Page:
Prioritise the children
Virtually every parent going through a divorce or separation says they want to prioritise the children. They just don’t often agree on what those priorities are. It is common for roles to become more entwined in a divorce. A home-maker, may have to take on some more work to make ends meet and the bread-winner may need to spend more time with the children than they would have done previously when working. That is perfectly normal and done well, is a positive thing.
Don’t just plan spending time with your children, plan spending time doing something with them. It doesn’t need to be expensive. Numerous studies show that it is not the act of divorcing that can cause emotional damage to a child, it is the way in which you divorce. If one outcome of the divorce is that the children get to spend more quality and enjoyable time with one of the parents than before, that is a good thing.
Drawing up a parenting plan, can help you both agree how you want to work together to raise your children. The law says, that unless there is risk of serious harm, a child needs to have a good and loving relationship with both sets of parents. It is then up to you both to work together to see what that looks like moving forwards.
Your children still have the same mum and dad even if you are no longer married.
Our blog 10 mistakes parents make during a divorce or separation goes into more detail here.
Understand its normal to disagree
Not agreeing on every facet of your divorce or separation is perfectly normal and understandable. Many couples who are happily married disagree of finances and parenting matters. So it’s no surprise that couples struggle when they are finding it even harder to communicate.
Family law is there to help you both meet your future needs and the needs of any children. In most cases it is less concerned with who played what roles in the marriage, or paid for what, or the reasons behind the marriage ending. Our Ultimate Guide to a Financial Settlement goes into more detail on this.
But focusing on your future needs can help with any disagreements. What size property do you need? How much does that cost. Searching on Rightmove and finding out your mortgage capacity from a mortgage expert can all help with deciding how to divide up the assets.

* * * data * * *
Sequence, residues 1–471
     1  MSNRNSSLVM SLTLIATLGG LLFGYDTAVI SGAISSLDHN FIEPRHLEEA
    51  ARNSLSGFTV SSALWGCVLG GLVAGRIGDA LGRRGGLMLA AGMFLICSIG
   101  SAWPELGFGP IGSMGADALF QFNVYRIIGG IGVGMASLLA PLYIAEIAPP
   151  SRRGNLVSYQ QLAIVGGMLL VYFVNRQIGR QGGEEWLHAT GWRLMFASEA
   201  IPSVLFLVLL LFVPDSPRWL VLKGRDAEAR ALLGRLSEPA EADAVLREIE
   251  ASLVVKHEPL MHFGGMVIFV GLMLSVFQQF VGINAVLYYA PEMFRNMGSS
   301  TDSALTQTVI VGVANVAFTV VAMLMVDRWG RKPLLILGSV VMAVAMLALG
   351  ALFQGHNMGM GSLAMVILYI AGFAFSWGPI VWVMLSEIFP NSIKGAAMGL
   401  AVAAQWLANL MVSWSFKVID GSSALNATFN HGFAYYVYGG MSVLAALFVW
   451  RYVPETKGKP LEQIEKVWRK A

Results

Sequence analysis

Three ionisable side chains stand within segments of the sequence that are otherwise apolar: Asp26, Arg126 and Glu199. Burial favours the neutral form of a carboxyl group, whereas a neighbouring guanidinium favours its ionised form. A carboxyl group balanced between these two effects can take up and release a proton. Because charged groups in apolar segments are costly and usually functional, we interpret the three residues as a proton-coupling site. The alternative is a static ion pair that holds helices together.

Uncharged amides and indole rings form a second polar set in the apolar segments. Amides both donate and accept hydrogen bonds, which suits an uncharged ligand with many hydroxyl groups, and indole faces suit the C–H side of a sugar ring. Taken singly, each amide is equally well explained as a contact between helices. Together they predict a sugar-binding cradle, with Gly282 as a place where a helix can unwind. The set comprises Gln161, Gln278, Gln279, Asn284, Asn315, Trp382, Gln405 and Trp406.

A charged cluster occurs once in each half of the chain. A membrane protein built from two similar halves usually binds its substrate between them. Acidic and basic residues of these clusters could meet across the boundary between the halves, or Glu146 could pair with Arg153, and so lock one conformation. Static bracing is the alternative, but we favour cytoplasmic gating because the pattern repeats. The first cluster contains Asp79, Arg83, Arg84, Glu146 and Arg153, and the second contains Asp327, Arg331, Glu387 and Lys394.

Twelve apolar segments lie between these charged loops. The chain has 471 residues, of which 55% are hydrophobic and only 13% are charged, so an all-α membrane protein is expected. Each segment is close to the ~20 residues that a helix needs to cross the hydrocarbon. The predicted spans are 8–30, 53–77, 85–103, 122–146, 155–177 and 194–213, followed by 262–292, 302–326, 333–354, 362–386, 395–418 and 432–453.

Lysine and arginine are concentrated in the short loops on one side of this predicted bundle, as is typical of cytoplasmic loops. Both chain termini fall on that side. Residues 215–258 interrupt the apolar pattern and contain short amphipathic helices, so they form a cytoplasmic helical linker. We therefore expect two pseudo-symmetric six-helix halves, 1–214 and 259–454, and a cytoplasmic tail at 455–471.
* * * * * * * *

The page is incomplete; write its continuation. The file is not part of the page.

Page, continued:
If you are struggling to agree, then at least try to agree on which method (or methods) you will use to help you reach an agreement. There are eleven established methods for dispute resolution on a divorce or separation. Family mediation is just one of these methods.
Focus on moving on, not looking back
You cannot change the past and you cannot change someone else. You can only make real changes to yourself. The decisions and steps you take now should all be aligned to your future needs. It’s what family law is set up for.
So don’t waste time or money trying to go back over the past, gathering evidence of who paid for what, or who did what. In a long marriage and in 95% of cases it won’t make a difference to any outcome, if you went to court. Focus on your genuine financial need and what you want the child arrangements to look like. It will serve you a lot better in reaching an amicable divorce agreement and save you a lot of time, stress and money too.
Don’t use the law to try to punish the other party
Family law is not set up to punish or reward for behaviour during the marriage (except in a few highly extreme cases). The only time that behaviour is looked at, is in your conduct in trying to resolve matters. If the court believe you have been trying to frustrate the process, been unreasonable in your demands, declined to mediate without good reason or been dishonest, then they can punish such behaviour with allocation of legal costs or even division of assets. See our blog here for more information on this.